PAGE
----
In the media: These St. Louis Scientists Are Shaking Human Brains To Study Head Trauma

Philip Bayly, a mechanical engineer at Washington University, holds a model of a human brain. Bayly is part of a team of engineers and doctors working to better understand brain injuries. SHAHLA FARZAN | ST. LOUIS PUBLIC RADIO

Philip Bayly has spent years trying to figure out the best way to jiggle a brain.

The mechanical engineer is part of a team of researchers at Washington University studying how a jolt to the head can shake the brain — the kind of injury a football player suffers when crashing into an opponent. Using a specially-designed device that vibrates volunteers’ heads, they hope to better understand the effects of repeated brain injuries.

Many people think of the brain as a hard ball bouncing inside your head, Bayly said, but it’s more like soft pink Jello tethered to your skull.

“Your brain doesn’t just rattle around loosely,” he said. “It’s connected to the skull by a really intricate system of membranes. I liken it to a bungee jumper, where the cord protects you from a dramatic collision.”

The membranes offer some cushion to the brain, but even a seemingly minor bump on the head can twist and deform the delicate organ. Repeated head injuries can lead to serious neurodegenerative diseases, including chronic traumatic encephalopathy.

Researchers do not recreate brain injuries in the lab because that would be unethical and unsafe for patients. But they can collect data on how the brain moves in response to slight vibrations and use it build mathematical simulations of head trauma, which Bayly calls “virtual crash tests.”

Philip Bayly, professor of mechanical engineering at WashU, helped design a special device to study the movement of live human brains.

“You can run a simulation on the computer and have someone in a car or playing football and see how that experience is causing their brain to respond,” Bayly said. “But first, we have to provide insight into how those computer models should be built based on rational scientific data, as opposed to just guesswork.”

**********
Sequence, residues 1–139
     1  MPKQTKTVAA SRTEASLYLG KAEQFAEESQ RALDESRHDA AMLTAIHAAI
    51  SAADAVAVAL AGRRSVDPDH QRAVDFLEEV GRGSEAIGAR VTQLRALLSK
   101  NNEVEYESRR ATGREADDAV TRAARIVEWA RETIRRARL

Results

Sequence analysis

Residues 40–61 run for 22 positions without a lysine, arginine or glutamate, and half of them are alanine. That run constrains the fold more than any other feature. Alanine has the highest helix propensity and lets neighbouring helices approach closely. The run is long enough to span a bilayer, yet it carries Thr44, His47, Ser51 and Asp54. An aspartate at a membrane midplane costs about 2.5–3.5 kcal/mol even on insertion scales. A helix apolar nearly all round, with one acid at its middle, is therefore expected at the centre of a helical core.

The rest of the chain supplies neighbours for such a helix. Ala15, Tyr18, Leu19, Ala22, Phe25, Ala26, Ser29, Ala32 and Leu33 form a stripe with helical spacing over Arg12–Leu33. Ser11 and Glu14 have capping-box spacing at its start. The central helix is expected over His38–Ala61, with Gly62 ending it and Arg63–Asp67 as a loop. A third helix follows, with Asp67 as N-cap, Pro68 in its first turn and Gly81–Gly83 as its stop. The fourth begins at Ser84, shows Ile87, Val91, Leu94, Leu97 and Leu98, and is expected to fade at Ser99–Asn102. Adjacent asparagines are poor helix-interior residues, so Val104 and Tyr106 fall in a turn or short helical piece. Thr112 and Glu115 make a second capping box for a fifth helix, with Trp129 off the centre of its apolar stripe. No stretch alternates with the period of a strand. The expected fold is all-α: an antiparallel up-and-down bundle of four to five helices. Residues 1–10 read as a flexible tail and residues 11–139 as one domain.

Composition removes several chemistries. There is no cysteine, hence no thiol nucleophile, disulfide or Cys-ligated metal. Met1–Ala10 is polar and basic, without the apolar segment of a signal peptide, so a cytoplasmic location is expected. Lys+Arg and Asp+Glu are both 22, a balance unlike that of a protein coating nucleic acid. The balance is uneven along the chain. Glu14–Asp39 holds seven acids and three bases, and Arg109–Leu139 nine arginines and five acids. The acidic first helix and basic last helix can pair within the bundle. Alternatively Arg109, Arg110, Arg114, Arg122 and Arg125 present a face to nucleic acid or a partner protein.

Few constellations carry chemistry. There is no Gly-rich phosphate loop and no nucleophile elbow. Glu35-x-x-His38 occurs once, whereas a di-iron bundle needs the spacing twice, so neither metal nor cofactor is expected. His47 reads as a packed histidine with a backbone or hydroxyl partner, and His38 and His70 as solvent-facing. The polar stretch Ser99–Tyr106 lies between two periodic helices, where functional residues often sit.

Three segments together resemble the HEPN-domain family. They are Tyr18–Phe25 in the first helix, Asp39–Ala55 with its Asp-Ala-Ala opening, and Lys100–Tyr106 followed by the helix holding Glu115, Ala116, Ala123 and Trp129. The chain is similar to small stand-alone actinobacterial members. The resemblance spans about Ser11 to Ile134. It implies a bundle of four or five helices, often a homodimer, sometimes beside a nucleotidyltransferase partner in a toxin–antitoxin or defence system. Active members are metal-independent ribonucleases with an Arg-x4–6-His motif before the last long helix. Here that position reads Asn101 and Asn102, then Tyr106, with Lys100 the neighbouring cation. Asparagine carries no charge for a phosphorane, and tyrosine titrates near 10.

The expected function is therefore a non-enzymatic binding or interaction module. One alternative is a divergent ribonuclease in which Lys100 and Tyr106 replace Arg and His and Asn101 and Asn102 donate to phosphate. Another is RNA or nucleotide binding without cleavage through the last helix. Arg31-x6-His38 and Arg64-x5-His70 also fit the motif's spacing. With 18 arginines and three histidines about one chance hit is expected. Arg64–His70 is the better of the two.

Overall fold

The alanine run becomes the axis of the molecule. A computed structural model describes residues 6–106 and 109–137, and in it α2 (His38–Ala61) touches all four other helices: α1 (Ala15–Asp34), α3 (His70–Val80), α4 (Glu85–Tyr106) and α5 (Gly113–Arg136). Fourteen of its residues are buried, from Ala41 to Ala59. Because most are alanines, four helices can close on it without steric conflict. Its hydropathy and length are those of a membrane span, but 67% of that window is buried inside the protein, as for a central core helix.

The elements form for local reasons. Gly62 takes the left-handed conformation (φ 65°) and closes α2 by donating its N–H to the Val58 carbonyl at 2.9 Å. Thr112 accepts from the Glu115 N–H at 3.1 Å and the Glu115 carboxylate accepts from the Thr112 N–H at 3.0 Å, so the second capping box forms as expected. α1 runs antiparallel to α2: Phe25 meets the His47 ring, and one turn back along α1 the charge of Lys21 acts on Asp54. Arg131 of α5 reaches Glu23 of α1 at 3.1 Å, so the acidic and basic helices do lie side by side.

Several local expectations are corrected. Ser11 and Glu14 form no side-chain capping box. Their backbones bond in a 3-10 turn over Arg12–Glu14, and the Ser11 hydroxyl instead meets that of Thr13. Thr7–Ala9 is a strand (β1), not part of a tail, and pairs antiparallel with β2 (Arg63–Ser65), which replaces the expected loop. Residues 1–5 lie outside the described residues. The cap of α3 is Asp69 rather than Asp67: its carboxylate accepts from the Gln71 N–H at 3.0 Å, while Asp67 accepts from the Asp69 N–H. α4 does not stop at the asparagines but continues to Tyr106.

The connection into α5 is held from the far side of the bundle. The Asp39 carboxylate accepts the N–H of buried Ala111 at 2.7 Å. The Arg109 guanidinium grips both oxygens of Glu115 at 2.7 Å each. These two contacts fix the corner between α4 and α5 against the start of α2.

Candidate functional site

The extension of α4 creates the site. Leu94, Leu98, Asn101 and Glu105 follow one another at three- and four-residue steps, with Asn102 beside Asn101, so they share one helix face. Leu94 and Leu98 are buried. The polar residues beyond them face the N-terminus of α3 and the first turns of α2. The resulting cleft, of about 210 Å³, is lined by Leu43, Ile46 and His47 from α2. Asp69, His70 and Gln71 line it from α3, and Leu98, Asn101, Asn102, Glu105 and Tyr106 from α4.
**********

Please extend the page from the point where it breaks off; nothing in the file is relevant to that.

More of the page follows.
Jostling brains for science

To understand how the live human brain moves, Bayly and his colleagues at the Washington University School of Medicine plan to shake dozens of them beginning this year.

They’ve designed a special device that cradles and vibrates the head while a volunteer is inside an MRI machine. A loudspeaker vibrates a pillow filled with air under the volunteer’s head, creating a buzzing sensation.

A prototype of the device Bayly designed to shake volunteers' brains, with a model of a human head inside. Under the head, a small air-filled pillow is vibrated by a speaker while an MRI machine captures images of the brain as it moves.

“If you were at a dance club, feeling the pounding base, it would be similar to this,” said Bayly, holding his hand over a vibrating model of a human head encased in an orange frame.

The plastic head is connected to a laptop with a bundle of wires — and with a few keystrokes, WashU graduate student Christie Crandall turns off the vibrations.

Although the setup looks simple, the design process has been challenging. For one thing, the team has had to be creative when it comes to which materials they can use.

“In an MRI, you can’t have anything magnetic, so you can’t use metal,” Crandall said. “There are not a lot of options that are not metal to do this kind of data acquisition.”

'It's a tangled web'

The research team will enroll about 100 local men and women ranging from teenagers to people over 50 for one-hour MRI sessions. While the device vibrates their heads for 10 to 15 minutes, the MRI machine will take multiple high-resolution images of their brains.

Christie Crandall, a PhD student in mechanical engineering at Wash U, explains how the device will gently vibrate volunteers' heads while they're inside the MRI machine.

Previous research has often focused on young, healthy adult males, Bayly said.

By examining the brains of men and women of various ages, the team hopes future researchers will be able to use the data to understand chronic brain injuries across a broader range of people, including military service members and domestic abuse victims.

Bayly has spent more than a decade figuring out how to measure the movement of a live human brain, but he said there are still many questions left to answer.

“It’s a tangled web that we’re trying to uncover,” he said. “And we’re trying to uncover it beginning with the mechanics.”

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